Unlike pop-phenomenon Yayoi Kusama’s own artwork, with its bright familiar colors that contribute to its near-universal popular appeal, Elisa Macellari’s new graphic biography of Kusama uses mostly cool, hard-to-name, unsaturated colors (plus a bright amaranth red.) This relatively restrained palette makes sense, allowing the reader to focus patiently on Kusama’s unusual and dramatic life story, as though through a stylish pair of welding goggles.
The book’s list of sources has only five items, only two of which matter: Kusama’s autobiography Infinity Net and the documentary Kusama – Infinity. This makes it simple to compare the stories Macellari tells with her source material. This graphic biography (biography in graphic novel format) adapts these sources pretty faithfully. It hits all of the main themes: the artist’s youthful rebellion against her family and her conservative native land; her persistent issues with hallucinations, sex-phobia and anxiety; her willingness to suffer poverty rather than give up or compromise her ambitious artistic calling; her prodigious artistic productivity; her interactions with other famous artists; her global notoriety in the 1960s as the organizer of naked protests (“happenings”); her most characteristic artistic ideas (infinity nets, polka-dots, soft phallic sculptures, and mirrored infinity rooms); her slide into depression and obscurity beginning in the 1970s; and her celebrated rediscovery and ultimate triumph, while still alive and still endlessly creating art.
Mental issues provide an inescapable topic when discussing Kusama’s work, much of which she created as a form of escape, to “obliterate” her self and “return to the natural universe.” As Macellari says in the introduction “I have enormous compassion for her suffering and find the transformation of her psychic disorders into a form of self-medication extraordinary, given it reaches such beautiful heights.” Kusama’s art was fueled by and shaped by mental problems, but its power comes from her rare artistic genius, which was recognized early (though not by her mother.)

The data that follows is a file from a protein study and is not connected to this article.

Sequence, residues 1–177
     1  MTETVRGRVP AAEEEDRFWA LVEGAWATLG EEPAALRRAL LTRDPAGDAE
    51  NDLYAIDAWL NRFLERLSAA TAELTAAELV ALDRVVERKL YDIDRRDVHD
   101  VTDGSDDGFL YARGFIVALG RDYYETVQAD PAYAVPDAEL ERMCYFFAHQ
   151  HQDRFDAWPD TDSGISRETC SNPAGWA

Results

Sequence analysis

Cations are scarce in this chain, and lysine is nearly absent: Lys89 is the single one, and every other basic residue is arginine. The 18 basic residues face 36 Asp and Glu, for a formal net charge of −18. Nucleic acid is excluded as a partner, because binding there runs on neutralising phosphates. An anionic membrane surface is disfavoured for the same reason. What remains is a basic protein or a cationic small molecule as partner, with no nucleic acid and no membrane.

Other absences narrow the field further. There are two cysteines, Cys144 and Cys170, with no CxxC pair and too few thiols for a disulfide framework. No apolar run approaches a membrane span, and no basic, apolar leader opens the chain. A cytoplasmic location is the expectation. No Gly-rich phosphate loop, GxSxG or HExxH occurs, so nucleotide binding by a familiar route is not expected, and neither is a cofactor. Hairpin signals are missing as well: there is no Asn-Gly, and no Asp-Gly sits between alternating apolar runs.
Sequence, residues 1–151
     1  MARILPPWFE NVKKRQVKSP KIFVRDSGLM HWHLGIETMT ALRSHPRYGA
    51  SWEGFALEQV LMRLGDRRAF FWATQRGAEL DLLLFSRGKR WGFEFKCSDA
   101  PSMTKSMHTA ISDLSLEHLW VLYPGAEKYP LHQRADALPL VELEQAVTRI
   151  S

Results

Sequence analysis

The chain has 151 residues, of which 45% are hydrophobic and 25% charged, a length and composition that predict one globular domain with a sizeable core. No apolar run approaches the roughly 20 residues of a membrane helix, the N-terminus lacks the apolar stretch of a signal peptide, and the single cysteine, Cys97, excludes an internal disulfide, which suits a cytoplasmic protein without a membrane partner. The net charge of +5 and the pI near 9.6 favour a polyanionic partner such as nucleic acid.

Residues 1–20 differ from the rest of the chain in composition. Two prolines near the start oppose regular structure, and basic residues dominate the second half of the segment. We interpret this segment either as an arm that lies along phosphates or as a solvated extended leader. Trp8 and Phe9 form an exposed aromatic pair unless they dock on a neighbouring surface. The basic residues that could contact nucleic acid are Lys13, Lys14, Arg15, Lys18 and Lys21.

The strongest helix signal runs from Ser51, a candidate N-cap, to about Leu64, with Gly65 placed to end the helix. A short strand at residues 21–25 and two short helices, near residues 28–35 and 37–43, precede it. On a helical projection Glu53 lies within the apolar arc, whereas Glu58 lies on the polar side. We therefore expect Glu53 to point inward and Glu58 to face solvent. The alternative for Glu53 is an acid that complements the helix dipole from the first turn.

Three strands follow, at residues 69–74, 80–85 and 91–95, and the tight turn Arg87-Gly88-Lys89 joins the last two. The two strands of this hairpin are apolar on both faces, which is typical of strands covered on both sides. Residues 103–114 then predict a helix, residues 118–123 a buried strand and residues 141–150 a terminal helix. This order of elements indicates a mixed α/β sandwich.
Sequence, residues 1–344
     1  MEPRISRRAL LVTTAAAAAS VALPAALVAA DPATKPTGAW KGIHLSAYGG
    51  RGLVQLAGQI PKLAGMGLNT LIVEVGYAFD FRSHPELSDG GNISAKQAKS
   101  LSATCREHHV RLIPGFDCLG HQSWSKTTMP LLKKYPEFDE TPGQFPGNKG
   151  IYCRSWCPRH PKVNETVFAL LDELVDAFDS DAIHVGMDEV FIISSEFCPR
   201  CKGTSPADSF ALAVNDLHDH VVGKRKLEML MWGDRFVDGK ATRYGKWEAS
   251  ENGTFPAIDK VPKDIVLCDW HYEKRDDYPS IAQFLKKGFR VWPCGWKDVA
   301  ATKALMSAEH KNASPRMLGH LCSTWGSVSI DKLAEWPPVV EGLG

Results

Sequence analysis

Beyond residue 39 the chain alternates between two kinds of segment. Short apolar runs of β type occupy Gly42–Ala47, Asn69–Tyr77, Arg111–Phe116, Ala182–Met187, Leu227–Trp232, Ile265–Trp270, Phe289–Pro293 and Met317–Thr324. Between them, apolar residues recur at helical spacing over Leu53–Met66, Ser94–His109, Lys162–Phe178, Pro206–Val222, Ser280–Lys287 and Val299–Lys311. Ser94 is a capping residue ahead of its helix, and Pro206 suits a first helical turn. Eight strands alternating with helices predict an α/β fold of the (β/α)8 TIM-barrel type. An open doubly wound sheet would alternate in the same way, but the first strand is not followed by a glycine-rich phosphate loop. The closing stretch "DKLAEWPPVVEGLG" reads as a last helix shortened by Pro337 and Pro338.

The most defining features of Macellari’s caricatures of Kusama are their slanted eyes – also shared by the other Japanese characters in this story – and bangs. (Macellari’s own background is Italian and Thai.) She does not draw the blindingly-bright and incongruous reddish-orange wig that Kusama adopted as her trademark look after she had become an old woman.
Most of the characters in this gutterless comic spend most of their time standing erect in stately postures. Even the gay orgy on page 74 which Kusama staged for German television in 1967 looks very much as the caption describes it: “like a moving sculpture.”
Some details of Kusama’s life that seem puzzling, incomplete and unreliable in her autobiography remain puzzling in this graphic biography. The graphic novel mentions on page 36 that when she left for Seattle and America in 1957, Kusama had “a million yen’s worth of dollars sewn into the lining of her clothes, so as to avoid the restriction on exporting local currency” and also carried 60 kimonos and 2,000 drawings and paintings to sell. Kusama’s autobiography says “To help cover travel expenses I changed a million yen into dollars at the Tokyo branch of an American company called Continental Brothers. This was of course against the law. In those days, a million yen was enough money to build several houses. I smuggled those few thousand dollars out of the country by sewing some of the bills into my dress and stuffing others into the toes of my shoes.” A million yen was much more than “thousands” of dollars. How was she reduced to eating fish heads from dumpsters in an unheated studio in New York City only one year later?
Many Seattleites remember the enormously successful exhibit of Kusama’s work, “Infinity Mirrors,” at the Seattle Art Museum in 2017. Kusama’s first show in the United States was at Zoe Dusanne’s gallery in Seattle in 1957 (a one-woman exhibition which won attention even in Oklahoma City, over 1500 miles away, in a news article headlined “Japanese Paintings Stir Seattle Critics.”) Macellari mentions the role of Seattle in making possible Kusama’s escape from Japan once on page 35, but understandably leaves out, presumably for reasons of space, more of the story about the short time Kusama spent in Seattle on the way to her destination of New York City.
In recent decades, graphic biographies of famous artists (ordinarily dead artists) have become a popular genre in Europe. Macellari’s graphic biography of Kusama is the third in Laurence King Publishing’s series, preceded by a graphic biography of the American painter Jackson Pollock by Bologna-based cartoonist Onofrio Catacchio and a graphic biography of American painter Jean-Michel Basquiat, by Florence-based cartoonist Paolo Parisi. Milan-based Elisa Macellari discovered Yayoi Kusama’s work in Madrid in 2011 and became fascinated by it. She began her own busy professional career as an artist/illustrator in 2012.